Two different tasks — namely st7789v_routine and zmpt101b_routine — are created in FreeRTOS using the xTaskCreate() function for this particular application. The st7789v_routine task is responsible for waiting until receiving a notification from zmpt101b_routine, copying the inputs from a shared location to local variables after a notification is received, acknowledging the reception of the notification, and displaying the processed inputs on the onboard screen. The flowchart for the st7789v_routine task is shown in Figure 5.

FIGURE 5. Flowchart for st7789v_routine task.

On the other hand, zmpt101b_routine is responsible for collecting the data from the ADC and constantly comparing it with the previous value to find the maximum and minimum values among 500 samples collected at the sampling rate of approximately 1148 Hz (see the sidebar), with each sample being an average of 20 individual ADC outputs themselves, to minimize errors as much as possible.

These maximum and minimum values are converted to millivolts using the onboard ADC reference voltage value stored at BLOCK 0 of eFuse and are used to calculate the RMS voltage of input AC. It also stores the number of samples taken between two zero-crossing events at the ZMPT101B module’s input when it’s rising. This number when multiplied with the sample period of 1/1148 s (≈ 0.871 ms) gives the frequency of the input AC voltage.

This calculation of RMS voltage and frequency happens at st7789v_routine. The data collected by the zmpt101b_routine — namely the maximum voltage, minimum voltage, and the number of samples between respective zero-crossings — are stored in shared variables every 1000 ms. The st7789v_task is notified when new values are available. It keeps notifying the st7789v_task every 100 ms until the st7789v_task acknowledges the reception.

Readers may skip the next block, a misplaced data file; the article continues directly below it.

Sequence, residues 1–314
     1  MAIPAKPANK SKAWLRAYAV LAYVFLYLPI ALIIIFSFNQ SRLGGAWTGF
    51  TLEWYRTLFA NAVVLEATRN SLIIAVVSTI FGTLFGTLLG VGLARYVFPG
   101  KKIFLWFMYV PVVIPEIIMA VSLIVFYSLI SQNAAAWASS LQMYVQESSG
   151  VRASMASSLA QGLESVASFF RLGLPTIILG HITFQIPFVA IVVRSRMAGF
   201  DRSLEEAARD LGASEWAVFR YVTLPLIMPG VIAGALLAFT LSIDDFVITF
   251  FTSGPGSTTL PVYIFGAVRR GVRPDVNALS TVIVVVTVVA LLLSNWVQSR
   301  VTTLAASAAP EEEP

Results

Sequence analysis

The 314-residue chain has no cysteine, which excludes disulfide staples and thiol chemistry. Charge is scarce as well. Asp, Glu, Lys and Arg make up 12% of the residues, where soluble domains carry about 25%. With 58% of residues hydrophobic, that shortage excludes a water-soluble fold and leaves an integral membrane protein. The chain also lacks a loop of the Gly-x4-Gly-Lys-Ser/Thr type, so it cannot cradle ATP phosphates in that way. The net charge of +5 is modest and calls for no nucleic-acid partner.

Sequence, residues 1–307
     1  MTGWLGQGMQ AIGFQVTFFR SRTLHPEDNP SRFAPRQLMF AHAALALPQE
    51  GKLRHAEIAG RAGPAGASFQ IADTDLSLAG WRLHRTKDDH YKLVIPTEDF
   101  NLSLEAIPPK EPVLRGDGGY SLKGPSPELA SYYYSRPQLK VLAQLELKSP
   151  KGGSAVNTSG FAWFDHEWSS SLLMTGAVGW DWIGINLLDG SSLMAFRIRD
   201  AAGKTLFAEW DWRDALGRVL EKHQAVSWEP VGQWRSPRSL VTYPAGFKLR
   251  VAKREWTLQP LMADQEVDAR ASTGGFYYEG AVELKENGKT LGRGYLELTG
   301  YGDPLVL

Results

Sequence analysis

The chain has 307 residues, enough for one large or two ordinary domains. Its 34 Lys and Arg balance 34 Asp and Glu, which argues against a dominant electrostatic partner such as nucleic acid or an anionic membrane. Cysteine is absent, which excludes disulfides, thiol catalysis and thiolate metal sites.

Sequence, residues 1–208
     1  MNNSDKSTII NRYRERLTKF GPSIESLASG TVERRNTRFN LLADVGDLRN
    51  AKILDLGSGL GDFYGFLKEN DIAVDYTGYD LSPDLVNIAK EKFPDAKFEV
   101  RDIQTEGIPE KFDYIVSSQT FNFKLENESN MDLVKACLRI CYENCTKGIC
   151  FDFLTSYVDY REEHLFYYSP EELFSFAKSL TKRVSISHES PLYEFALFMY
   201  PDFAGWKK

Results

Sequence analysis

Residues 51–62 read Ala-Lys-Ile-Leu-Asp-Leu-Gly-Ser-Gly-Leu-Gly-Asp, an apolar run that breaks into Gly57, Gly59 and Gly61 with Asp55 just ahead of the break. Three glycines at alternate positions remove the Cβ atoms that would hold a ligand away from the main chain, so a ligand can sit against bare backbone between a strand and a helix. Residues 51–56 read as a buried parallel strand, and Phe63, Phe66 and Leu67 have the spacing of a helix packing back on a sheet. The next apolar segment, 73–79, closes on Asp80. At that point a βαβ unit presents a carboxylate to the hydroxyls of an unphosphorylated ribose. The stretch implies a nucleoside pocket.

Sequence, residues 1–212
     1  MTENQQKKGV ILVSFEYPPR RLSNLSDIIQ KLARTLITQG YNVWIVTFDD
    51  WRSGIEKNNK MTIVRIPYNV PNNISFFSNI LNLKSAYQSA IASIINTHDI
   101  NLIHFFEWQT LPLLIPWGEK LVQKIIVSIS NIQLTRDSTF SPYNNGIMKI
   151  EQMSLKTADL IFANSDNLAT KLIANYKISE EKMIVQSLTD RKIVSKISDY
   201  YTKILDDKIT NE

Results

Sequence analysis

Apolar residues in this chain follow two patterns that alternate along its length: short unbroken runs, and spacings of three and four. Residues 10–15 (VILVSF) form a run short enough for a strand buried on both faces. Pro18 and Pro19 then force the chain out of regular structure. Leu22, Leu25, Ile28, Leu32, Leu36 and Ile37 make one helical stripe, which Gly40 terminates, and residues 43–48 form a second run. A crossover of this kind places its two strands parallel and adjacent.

After the acknowledgement is received, the values held by local variables containing the minimum, maximum, and the number of samples between respective zero-crossings are reset and the next sample and update cycle begins. Each sample and update cycle are configured to collect 500 samples within 500 ms and transmit them within the remaining 500 ms. Thus, each sample and update cycle takes 1000 ms or one second. The flowchart for the zmpt101b_routine task is shown in Figure 6.

FIGURE 6. Flowchart for zmpt101b_routine task.

The communication of data between these two tasks is facilitated in a synchronized manner using the functions xTaskNotify() and xTaskNotifyWait() and shared variables accessed through pointers. Some of the important system configurations can be found in the file named system_definitions.h in the downloads. The sampling rate is calculated by toggling the GPIO 17 within the super loop of the zmpt101b_routine task and is monitored with a oscilloscope as shown in Figure 7.

FIGURE 7. Signal from GPIO 17 measured with Hantek DSO.

The oscilloscope then detects the frequency of the square wave signal from this GPIO, which is then multiplied by 2 to get the actual sampling rate. The two tasks mentioned above keep repeating their functions until the power is removed from the ESP32 development board.

Interpreting the Display